History tells us--or is it only legend?--that the first of European universities consisted merely of a group of young men so eager to acquire the learning of their time that they combined their small resources and hired certain Wise Ones to teach them. It is easy to believe that the maintainance of discipline in that school, was easy, as such young men would want to get the worth of their money, and if they though any of the Wise Ones was not giving it, his dismissal would be prompt.
Nowadays things are different. College power is in the hands of adult authority, and at least a majority of the students go to colege with the queer idea, not of getting there as much as they can, but, by the selection of easy courses, of getting as little as is compatible with graduation. There are exceptions, indeed; but they are not very popular and they acquire no fame. That may be partly the fault of the newspapers, which pay so much more attention to football stars than to the winners of scholastic honors, but if superiority in learning made a man famous in college it would do so out of it as well.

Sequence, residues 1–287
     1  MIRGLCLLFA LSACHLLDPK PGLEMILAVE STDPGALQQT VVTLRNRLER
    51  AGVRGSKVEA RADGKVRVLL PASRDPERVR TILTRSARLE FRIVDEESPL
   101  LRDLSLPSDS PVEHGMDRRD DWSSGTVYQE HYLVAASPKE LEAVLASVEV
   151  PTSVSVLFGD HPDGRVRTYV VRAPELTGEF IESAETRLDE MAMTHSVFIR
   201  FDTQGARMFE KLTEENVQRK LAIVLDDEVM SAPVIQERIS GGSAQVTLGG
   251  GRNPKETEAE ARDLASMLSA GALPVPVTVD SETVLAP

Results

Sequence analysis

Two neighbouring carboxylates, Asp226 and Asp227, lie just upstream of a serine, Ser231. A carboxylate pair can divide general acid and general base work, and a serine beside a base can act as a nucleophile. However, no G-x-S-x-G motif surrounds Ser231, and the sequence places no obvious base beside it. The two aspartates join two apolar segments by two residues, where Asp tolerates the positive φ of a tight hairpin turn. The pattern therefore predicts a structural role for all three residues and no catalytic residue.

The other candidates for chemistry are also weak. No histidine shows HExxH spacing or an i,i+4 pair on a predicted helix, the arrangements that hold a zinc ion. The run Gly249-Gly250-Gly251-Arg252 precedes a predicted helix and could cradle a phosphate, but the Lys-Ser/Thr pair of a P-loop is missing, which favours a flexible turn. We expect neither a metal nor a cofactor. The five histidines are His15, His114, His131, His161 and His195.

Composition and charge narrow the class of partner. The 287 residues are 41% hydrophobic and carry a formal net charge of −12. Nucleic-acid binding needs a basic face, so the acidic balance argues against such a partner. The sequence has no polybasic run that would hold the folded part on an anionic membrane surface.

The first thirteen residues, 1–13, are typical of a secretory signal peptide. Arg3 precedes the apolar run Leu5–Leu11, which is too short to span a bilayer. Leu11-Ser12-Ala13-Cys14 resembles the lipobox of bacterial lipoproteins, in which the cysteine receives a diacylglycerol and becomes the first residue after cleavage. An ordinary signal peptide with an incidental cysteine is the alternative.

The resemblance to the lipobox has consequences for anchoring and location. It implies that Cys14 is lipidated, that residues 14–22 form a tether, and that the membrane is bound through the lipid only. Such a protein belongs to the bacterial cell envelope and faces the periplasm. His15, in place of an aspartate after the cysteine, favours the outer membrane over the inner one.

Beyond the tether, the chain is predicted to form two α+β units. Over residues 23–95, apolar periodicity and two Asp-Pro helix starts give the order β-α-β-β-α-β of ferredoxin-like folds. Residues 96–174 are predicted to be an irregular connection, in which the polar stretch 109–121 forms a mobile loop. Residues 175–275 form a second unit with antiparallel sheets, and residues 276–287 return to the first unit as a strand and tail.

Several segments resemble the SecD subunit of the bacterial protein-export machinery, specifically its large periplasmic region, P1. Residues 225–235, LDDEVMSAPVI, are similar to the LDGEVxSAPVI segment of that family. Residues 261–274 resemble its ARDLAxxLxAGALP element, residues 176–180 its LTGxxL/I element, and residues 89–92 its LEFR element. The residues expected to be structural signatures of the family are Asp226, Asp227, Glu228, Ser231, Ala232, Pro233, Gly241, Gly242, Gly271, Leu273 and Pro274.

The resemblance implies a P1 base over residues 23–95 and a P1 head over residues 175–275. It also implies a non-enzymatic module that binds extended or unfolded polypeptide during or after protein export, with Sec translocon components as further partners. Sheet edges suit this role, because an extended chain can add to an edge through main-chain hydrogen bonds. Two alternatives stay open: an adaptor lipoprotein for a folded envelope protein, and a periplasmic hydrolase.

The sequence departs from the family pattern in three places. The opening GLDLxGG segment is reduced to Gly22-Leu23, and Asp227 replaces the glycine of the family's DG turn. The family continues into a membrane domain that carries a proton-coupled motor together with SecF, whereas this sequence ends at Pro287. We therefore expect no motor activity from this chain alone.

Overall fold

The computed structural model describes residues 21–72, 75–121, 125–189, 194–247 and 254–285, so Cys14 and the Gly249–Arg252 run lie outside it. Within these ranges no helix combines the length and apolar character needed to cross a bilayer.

As for collegiate athletics, the usual defense of sports and games is that they make for health and physical development. Is it not strange, however, that three months in an army post will turn every one of a company of recruits into a fine, upstanding, clear-complexioned soldier, though many of them have been slouching boys with pasty faces, while no such effect is produced on a whole student body by four years of college athletics? New York Times